ST. PAUL, Minn. (KMSP) - The commissioner of the Minnesota Department of Health will add "intractable pain" to the list of qualifying medical conditions for medical cannabis. Patients certified as having intractable pain will be eligible to receive medical cannabis from the state’s two medical cannabis manufacturers, LeafLien Labs and Minnesota Medical Soltions, on Aug. 1, 2016.
“The relative scarcity of firm evidence made this a difficult decision,” Health Commissioner Dr. Ed Ehlinger said. “However, given the strong medical focus of Minnesota’s medical cannabis program and the compelling testimony of hundreds of Minnesotans, it became clear that the right and compassionate choice was to add intractable pain to the program’s list of qualifying conditions. This gives new options for clinicians and new hope for suffering patients.”
Minnesota medical cannabis law defines intractable pain as a condition “in which the cause of the pain cannot be removed or otherwise treated with the consent of the patient and in which, in the generally accepted course of medical practice, no relief or cure of the cause of the pain is possible, or none has been found after reasonable efforts.”
“We welcome the opportunity to help Minnesotans who have incurable or intractable pain," LeafLine Labs CEO Manny Munson-Regala said in a statement. "The stories we hear from our patients, and the testimony many people provided to the Department, illustrate the magnitude of their suffering. Untreated pain is a serious public health problem in our state and country."
“This decision is great news for patients suffering intractable pain,” MinnMed CEP Dr. Kyle Kingsley said. “We already have 10 medicines geared toward pain, so we are well prepared to serve these patients. Now patients can ease their pain with an alternative that poses far fewer dangerous side effects than opioids and other highly addictive and dangerous prescription pain medicines.”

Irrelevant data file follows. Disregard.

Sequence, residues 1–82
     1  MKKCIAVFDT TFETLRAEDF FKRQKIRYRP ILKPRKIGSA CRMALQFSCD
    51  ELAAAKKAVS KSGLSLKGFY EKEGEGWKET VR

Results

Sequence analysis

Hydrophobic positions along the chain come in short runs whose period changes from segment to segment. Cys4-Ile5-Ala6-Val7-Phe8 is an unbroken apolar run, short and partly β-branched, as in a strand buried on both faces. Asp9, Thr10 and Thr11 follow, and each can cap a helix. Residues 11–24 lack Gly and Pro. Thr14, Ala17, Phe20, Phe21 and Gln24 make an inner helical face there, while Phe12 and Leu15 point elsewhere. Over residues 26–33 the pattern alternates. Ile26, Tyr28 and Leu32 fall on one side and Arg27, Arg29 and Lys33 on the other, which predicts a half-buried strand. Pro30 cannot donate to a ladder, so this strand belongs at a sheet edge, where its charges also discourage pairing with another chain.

Why it was left out last year
The authors originally left intractable pain out of the enabling legislation for a number of factors: First, there was the problem of defining intractable pain. Second, though no one would publicly admit it, they were worried about recreational users claiming they had intractable pain. Third, they didn’t think they’d have the votes to support passage of the legislation if the condition was included.
Strong support for pain addition
New legislation passed this year allowed the Department of Health to form a task force to study whether intractable pain should be added to the list. A public comment period that included 13 public meetings around the state as well as an online comment submission process showed overwhelming support for its addition. More than 90 percent of the 500 Minnesotans who submitted comments to MDH supporting the addition of pain as a qualifying condition.
Of the 23 states with medical cannabis legislation, Minnesota had been one of just 5 states that didn’t list chronic pain as a covered condition.
Find more information and registration at http://www.health.state.mn.us/topics/cannabis/intractable.